The baths were built in 1839, beside Blackrock train station. The popular seafront baths were once Ireland's top venue for watersports, featuring a 50-metre pool and a diving platform. However since the baths closed in the 1980s the site fell into disrepair. In 1997 the freehold for the site was purchased by Treasury Holdings Ltd, one of the companies most severely affected by the current ongoing collapse of the property market.
The local council is now arranging the necessary demolition work, including the removal of the diving platform. But some elements of the structures and pool/sea wall that are not considered to be dangerous will be retained.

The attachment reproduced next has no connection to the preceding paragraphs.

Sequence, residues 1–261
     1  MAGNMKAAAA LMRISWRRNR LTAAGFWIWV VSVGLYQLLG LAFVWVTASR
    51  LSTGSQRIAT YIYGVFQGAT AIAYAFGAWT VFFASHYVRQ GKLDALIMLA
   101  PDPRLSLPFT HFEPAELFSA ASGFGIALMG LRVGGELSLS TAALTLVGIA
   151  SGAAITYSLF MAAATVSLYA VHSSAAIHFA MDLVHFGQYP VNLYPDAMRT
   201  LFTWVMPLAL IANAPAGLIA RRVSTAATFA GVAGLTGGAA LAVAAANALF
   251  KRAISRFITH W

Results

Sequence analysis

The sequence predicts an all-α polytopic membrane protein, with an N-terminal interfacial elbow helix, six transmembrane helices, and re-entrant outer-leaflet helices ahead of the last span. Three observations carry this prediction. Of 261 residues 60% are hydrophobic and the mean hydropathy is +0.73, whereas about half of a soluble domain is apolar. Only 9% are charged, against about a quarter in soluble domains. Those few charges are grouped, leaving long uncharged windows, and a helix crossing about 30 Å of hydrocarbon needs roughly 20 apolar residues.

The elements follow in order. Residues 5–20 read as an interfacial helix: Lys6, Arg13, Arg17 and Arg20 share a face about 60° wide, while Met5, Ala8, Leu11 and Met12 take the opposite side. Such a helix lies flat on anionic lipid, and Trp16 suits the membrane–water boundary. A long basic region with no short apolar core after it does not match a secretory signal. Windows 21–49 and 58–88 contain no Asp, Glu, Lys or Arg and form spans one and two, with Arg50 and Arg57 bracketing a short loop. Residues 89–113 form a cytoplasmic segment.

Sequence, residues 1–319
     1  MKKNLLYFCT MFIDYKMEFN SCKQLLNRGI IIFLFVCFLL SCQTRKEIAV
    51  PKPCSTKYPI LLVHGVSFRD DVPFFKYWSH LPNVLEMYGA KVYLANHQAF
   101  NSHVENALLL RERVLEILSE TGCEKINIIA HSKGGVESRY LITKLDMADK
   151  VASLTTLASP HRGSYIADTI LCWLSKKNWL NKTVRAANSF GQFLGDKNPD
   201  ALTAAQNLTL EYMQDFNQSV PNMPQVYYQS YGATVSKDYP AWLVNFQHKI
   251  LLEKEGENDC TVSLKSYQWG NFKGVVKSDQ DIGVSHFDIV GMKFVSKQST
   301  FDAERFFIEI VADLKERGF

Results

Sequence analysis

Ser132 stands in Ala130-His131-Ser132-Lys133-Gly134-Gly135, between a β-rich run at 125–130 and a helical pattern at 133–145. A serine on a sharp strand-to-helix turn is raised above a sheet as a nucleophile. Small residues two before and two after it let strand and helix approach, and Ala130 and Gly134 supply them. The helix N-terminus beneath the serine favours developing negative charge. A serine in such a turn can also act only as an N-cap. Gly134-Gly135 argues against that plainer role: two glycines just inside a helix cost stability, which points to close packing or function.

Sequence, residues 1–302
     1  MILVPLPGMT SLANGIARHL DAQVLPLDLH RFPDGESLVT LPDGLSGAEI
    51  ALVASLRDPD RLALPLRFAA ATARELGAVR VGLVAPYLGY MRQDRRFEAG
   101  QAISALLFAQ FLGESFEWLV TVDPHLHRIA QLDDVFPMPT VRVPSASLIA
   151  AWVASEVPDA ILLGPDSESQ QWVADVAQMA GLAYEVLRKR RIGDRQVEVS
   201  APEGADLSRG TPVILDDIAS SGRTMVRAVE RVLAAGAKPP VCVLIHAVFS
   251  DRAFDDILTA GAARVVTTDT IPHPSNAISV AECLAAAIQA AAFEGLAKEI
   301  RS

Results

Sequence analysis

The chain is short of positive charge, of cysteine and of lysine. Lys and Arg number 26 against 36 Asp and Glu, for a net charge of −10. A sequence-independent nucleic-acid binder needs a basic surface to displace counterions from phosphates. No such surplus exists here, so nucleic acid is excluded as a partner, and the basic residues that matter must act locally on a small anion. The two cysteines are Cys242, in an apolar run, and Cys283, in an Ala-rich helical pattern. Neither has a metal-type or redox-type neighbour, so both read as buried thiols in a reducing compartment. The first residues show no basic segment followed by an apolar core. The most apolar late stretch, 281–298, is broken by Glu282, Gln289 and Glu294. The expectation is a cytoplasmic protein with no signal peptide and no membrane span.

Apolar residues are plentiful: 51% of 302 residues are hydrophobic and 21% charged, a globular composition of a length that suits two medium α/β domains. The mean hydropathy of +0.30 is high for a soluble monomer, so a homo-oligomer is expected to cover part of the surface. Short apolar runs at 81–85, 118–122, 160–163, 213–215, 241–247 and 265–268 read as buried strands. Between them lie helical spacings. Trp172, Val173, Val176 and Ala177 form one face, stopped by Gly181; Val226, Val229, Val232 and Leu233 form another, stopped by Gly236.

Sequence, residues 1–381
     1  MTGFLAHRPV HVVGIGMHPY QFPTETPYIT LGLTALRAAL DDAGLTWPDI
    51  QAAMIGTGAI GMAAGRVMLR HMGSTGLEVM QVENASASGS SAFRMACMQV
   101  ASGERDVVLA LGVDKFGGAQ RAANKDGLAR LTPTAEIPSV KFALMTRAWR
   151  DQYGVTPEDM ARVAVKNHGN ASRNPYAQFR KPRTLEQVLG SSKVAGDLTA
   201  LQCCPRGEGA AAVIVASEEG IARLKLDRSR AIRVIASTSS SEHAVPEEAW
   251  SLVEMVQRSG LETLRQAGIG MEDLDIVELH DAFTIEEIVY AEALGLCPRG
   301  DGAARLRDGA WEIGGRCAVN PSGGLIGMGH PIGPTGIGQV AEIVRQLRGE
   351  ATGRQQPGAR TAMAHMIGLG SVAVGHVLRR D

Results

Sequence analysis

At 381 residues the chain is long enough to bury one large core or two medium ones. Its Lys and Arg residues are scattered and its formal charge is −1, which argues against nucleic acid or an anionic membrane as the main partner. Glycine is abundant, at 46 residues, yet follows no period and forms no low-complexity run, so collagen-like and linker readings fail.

Following a recent inspection by senior council staff, it emerged that the structures “have suffered from extensive weather damage and from the ravages of the sea”, making them and the adjoining land dangerous to the public.
The concrete has been seriously affected by the wind and waves, while the pool structure is beyond repair. The seating and changing block is in danger of collapse.
The council also said that the guard rails to the upper seating area “have rusted away and the steps are exposed”, while the diving platform is seriously corroded and detached from the pool base.
During the inspection, the council noted extensive graffiti and rubbish in the building, “which suggested it is subject to regular unauthorised access”. It confirmed that it is not feasible to secure the site to prevent unauthorised access.